When I made the Chicken Tikka the other day, I also made a Lamb Korma. The end result was nothing like the British Kormas that I had been used to, so I decided to investigate the concept of the korma further. The first thing to say is that I liked to alternative korma style that I had stumbled on, and secondly that the British korma has little linkage back to the true korma.
What seems to have happened is a story of early British curries. When the curry house started appearing in a wave in the 1960s – 1970s, the style of cuisine was rural Bangladesh and these early “Indian chefs” realised soon that their new clientele wanted inter alia a range of curries that included a hot curry, a medium one and a mild one. These morphed into the Anglo-Indian vindaloo, chicken tikka and korma classics of modern British-style Indian food. For us Brits, korma now means a mild, creamy meat dish, whereas the true korma originated out of the Islamic courts of the Moghuls and other Muslim rulers of India over the 10th to 16th centuries. This korma from India, Pakistan and Bangladesh is a rich banquet dish that is showy and uses lots of yoghurt together with expensive flavourings like cardamom, nutmeg, rose water, saffron and nuts like almonds and dried fruits.
My first trial was a variation on a simple korma, called Korma Narendra Shahi, which is slightly sweet and mild, with a pretty rose water flavour which some might not like, but is something I enjoy and is a key flavour of Arabian and Indian banquet-style-food; if the rose flavour is an issue just reduce the levels of rose water you use. It is based on a recipe from one of my favourite little gems of Indian cooking “Cooking Delights Of The Maharajas” by Digvijaya Singh; this is a collection of recipes collected from the Royal kitchens of India by Mr Singh who really would be the Maharaja of Sailana, hence he was able to collect these recipes and continue his father’s quest to find some of the best recipes from his contemporaries’ households.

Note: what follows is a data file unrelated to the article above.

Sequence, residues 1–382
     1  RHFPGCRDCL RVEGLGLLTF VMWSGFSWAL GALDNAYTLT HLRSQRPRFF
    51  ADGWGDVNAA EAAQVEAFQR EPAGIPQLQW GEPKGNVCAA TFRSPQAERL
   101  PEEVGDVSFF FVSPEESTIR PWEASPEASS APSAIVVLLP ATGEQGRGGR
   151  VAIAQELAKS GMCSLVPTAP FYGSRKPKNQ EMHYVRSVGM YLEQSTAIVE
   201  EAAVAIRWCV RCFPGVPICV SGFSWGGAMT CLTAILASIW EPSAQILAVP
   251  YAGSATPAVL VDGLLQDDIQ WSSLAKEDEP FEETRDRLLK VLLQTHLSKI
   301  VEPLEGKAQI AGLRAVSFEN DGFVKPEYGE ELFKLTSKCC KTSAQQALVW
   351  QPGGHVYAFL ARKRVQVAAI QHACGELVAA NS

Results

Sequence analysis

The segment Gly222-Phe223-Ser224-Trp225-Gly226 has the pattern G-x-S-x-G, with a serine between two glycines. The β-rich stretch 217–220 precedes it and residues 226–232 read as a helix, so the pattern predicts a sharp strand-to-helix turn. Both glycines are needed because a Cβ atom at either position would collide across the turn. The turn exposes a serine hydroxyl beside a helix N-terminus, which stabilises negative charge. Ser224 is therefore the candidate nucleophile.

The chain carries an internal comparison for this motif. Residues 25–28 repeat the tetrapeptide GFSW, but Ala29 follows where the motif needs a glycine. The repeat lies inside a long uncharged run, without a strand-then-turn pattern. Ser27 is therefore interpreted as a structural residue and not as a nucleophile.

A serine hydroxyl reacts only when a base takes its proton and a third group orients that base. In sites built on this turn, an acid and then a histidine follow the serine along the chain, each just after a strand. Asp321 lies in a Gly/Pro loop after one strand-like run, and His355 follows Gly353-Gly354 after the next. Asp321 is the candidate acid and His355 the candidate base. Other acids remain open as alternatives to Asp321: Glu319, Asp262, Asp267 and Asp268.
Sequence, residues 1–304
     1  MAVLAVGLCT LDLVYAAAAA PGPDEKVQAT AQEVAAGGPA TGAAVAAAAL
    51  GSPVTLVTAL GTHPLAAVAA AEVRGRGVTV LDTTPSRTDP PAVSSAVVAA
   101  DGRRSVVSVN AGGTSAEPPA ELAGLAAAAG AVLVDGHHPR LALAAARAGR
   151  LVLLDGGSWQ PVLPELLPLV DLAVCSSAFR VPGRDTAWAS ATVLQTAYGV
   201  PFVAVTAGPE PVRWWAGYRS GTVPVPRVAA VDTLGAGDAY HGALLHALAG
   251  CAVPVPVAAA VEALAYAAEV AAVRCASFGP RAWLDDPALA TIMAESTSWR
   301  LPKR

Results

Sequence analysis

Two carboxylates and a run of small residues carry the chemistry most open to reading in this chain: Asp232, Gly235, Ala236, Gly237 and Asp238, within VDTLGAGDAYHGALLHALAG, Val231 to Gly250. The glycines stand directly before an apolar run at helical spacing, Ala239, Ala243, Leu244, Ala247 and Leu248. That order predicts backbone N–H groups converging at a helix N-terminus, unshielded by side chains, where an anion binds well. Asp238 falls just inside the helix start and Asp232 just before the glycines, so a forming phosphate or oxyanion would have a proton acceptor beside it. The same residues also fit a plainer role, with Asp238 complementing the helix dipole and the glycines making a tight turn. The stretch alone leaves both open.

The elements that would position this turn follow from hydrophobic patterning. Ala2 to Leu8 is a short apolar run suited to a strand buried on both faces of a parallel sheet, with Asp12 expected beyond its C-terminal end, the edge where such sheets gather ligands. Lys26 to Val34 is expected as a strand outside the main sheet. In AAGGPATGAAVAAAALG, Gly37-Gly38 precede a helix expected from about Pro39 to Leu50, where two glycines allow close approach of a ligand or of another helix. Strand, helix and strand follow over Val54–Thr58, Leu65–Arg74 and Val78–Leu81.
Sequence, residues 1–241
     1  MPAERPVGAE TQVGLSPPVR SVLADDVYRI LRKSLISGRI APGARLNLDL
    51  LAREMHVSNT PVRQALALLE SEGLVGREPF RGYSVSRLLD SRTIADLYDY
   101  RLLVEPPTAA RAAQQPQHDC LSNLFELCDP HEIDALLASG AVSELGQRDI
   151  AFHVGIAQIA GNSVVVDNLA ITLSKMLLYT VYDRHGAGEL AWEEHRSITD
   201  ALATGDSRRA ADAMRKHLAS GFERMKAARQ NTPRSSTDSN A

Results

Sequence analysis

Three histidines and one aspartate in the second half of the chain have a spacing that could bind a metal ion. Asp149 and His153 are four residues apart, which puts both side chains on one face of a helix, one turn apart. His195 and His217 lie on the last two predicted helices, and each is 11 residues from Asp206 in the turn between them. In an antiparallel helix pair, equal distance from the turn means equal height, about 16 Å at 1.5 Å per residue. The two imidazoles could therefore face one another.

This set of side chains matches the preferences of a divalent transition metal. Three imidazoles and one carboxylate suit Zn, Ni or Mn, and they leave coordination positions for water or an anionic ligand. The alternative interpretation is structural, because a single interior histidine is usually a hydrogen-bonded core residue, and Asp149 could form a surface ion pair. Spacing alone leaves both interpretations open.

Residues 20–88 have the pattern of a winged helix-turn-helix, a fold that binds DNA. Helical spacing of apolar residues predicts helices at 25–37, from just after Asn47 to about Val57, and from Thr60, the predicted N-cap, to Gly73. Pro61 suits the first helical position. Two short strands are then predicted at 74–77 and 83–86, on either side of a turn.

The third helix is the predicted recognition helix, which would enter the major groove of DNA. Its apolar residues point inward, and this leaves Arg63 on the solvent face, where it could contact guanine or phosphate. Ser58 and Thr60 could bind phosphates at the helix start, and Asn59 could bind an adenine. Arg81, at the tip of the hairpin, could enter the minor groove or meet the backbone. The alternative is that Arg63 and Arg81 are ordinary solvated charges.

The next korma recipe will be a mash-up between two of the really fine recipes in the same book, mixing up the Persian style Korma Shiraz with a recipe for Korma Asafjahi from the kitchens of the Nizam of Hyderabad in 1905 and will follow in my next blog…
Recipe for Korma Narendra Shahi
500g / 1lb lamb chopped into 2cm / 1 inch sized peices
2tbsp + 2tbsp ghee, sunflower oil or vegetable oil
500g / 1lb onions, half chopped finely and the other half sliced thinly into rounds
115g / 4oz plain yoghurt
¼tsp – 1tsp chilli powder (vary this to taste, but it is meant to be mild)
1tsp cumin seeds (or powder)
3 green cardamom pods, broken open
Pinch of turmeric
1 pinch of salt
A pinch of saffron diluted in warm water
30ml / 2tbsp rose water
1tbsp fresh coriander leaves, chopped
1tsp garam masala
Start by dry frying the cumin seeds, if you are beginning with whole ones. When nicely toasted, crush them in a pestle and mortar. Make the saffron infusion by placing the saffron filaments in a mug or glass and pour over newly drawn water that has just been boiled and leave to infuse for 30 minutes then strain out the saffron.
Heat the ghee in a frying pan and add the onions and fry gently until translucent. Add the chilli powder, cumin powder and salt and fry together for 1 minute, then add the yoghurt, stir well and cook for about 10 minutes at a gentle simmer with the lid on.
While you are frying the onions, start frying the lamb pieces in ghee in a separate frying pan. Cook these quickly to brown and seal the edges. When ready, which should be as the korma sauce is finishing its 10 minutes’ initial cook, add the lamb to the sauce, cover and cook at a medium heat for 1½ hours. Lift these pieces of lamb out of the ghee with a fork or slotted spoon, i.e. leave the fat behind.
When the meat is tender, which should be after about 1½ hours, simmer with the lid off to let the liquid dry up almost completely. Now add the remaining ingredients (saffron, rose water, coriander leaves and garam masala) and stir until warmed through.
Serve straight away, or even better leave a day and eat the next day when the flavours are much more subtle and have infused completely through.